Print quality errors are defined as:
- smudges, smears or damaged paper that causes any field in the print output to be illegible
- incorrect document orientation (i.e. portrait versus landscape or print fields printed upside down)
- printing documents on the wrong form or letterhead
- incorrectly printed fields, omitted fields or transposed fields
- an incomplete set of documents is sent to a recipient
- collateral (e.g., return envelopes) are missing from the envelope
- the wrong collateral is included in an envelope
- the documents intended for one recipient placed into an envelope addressed to another recipient
- the envelope isn’t properly sealed
Over 50 companies took the time to respond. We don’t know who they were, but they provided a lot of great information.
The print volumes processed by in-plant operations that responded ranged from thousands of images to 1 billion images a year, with mail volumes being lower, from the thousands to 400 million mail pieces. Not every company tracked errors, while some gave very precise answers. Some answers may not have been entered correctly (e.g., more errors than pieces), and were removed from the results.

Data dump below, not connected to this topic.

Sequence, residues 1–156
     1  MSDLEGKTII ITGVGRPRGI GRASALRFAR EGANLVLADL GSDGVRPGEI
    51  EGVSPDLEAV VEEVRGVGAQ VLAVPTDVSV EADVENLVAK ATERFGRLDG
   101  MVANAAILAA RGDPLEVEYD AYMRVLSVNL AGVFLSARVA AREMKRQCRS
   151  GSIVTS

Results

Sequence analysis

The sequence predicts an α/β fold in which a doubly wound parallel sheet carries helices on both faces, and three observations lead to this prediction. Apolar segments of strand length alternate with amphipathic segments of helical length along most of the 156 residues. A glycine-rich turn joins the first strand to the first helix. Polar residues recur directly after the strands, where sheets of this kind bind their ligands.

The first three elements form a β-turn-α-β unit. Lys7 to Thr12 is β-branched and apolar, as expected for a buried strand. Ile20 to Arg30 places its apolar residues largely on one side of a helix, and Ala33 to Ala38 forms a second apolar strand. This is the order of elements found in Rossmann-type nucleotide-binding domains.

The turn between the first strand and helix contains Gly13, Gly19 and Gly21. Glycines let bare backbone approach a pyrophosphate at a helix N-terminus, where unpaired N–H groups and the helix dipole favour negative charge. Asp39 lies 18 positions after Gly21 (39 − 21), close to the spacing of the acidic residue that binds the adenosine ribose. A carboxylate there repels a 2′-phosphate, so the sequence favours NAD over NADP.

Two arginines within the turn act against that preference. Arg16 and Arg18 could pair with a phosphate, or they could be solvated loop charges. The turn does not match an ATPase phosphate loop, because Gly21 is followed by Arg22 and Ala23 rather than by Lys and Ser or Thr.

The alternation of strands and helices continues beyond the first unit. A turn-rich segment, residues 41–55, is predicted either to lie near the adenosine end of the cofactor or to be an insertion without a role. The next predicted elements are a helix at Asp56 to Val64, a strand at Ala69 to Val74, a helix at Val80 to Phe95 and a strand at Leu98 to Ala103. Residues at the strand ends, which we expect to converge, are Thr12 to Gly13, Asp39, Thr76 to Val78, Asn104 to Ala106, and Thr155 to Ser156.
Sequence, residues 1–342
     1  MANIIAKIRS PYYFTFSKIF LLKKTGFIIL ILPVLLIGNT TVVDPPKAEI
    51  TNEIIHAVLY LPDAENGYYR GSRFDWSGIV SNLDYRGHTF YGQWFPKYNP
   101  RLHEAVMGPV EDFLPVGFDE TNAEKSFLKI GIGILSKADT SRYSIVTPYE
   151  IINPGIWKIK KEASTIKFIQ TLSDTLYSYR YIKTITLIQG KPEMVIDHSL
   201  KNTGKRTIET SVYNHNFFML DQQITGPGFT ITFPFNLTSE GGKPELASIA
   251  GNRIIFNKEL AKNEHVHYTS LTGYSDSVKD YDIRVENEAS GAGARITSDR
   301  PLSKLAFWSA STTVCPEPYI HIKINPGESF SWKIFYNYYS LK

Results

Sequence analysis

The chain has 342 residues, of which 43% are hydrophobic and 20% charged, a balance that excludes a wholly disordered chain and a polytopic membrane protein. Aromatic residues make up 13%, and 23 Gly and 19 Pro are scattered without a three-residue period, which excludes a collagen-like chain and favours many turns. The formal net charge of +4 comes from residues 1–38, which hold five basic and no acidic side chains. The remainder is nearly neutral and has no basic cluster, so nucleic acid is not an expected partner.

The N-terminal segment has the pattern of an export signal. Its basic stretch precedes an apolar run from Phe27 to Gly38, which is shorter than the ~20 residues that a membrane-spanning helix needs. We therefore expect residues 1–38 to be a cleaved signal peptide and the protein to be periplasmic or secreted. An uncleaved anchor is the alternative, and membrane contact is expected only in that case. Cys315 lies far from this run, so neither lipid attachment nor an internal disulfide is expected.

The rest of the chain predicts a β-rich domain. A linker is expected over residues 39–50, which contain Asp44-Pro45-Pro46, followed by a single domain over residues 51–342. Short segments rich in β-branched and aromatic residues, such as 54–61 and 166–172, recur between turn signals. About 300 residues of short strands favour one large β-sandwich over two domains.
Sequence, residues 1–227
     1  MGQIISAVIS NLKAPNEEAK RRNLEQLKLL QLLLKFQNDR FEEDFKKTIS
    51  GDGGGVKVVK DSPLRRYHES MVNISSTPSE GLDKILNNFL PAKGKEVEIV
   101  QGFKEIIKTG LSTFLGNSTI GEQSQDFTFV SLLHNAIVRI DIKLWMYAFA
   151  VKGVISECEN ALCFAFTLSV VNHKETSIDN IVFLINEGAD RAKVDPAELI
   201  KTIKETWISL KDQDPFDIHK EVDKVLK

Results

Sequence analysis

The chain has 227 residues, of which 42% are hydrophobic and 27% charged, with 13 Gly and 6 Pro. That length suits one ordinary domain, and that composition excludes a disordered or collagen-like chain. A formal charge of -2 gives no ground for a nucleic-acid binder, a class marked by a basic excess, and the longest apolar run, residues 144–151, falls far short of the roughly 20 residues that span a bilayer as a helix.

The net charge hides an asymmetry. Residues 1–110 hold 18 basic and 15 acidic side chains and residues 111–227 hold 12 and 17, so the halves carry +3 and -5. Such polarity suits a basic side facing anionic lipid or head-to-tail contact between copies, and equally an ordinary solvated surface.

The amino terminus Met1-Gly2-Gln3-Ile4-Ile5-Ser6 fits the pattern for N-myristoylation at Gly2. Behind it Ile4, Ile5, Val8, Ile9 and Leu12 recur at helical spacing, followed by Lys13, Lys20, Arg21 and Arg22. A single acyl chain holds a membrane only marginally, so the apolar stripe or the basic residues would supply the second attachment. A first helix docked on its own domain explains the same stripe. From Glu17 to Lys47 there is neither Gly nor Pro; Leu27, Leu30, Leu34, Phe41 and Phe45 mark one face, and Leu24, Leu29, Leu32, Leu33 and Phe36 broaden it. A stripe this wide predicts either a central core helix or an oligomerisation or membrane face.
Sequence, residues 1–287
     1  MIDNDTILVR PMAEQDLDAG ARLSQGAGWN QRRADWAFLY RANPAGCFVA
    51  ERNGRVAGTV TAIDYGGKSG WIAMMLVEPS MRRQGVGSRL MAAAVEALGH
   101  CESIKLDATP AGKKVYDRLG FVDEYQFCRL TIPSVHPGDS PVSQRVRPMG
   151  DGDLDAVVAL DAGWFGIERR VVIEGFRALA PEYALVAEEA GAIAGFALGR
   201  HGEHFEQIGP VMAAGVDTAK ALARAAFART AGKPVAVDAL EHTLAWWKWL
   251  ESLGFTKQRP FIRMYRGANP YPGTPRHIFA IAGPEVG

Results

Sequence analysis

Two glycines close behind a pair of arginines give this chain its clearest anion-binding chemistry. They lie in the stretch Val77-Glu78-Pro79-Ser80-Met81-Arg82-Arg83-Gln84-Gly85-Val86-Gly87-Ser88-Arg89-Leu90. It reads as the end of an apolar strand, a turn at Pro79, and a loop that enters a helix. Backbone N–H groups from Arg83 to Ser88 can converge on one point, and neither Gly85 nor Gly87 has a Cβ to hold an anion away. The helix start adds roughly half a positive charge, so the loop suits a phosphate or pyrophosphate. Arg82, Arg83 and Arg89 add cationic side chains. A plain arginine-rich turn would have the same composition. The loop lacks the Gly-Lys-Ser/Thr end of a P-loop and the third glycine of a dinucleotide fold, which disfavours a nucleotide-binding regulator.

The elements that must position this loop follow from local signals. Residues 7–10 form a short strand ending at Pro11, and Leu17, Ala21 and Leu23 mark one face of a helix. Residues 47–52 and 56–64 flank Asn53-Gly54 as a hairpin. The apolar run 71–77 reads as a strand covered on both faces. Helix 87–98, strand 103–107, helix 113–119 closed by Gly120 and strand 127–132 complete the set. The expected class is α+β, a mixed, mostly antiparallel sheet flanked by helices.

All error rates were low, less than 1%. For print, the average error rate was 0.00063% with a mean of 0.0002%. The highest percentage of errors occurred in the lower third of the scale.
Mail errors followed a similar pattern, with higher overall error rates. The average was 0.02227% and a mean of 0.00032%. Again, there was a higher percentage of errors in the lower third, with the exception of one operation at the high end (0.059% rate on 110 million pieces).
The volumes produced at vendors also encompassed a large scale from thousands to 765 million images and thousands to 108 million mail pieces.
The error rates reported for vendors, while still low, were significantly higher than the in-plant shops. For print, the average error rate was 0.20702% with a mean of 0.00571%. The highest percentage of errors occurred in almost dead center of the scale.
Mail errors followed a similar pattern, with lower overall error rates. The average was 0.17899% and a mean of 0.13667%. Like print, the higher percentage of errors lay in the middle spectrum.
The differences in error tracking, the similar pattern of error rates on the graphs, and the variances between the in-plant and vendor error rates are thought provoking.
It’s probably best to take some time, think about it, and post some thoughts in next week’s blog.
Thank you to all of the people who took the time to take the survey!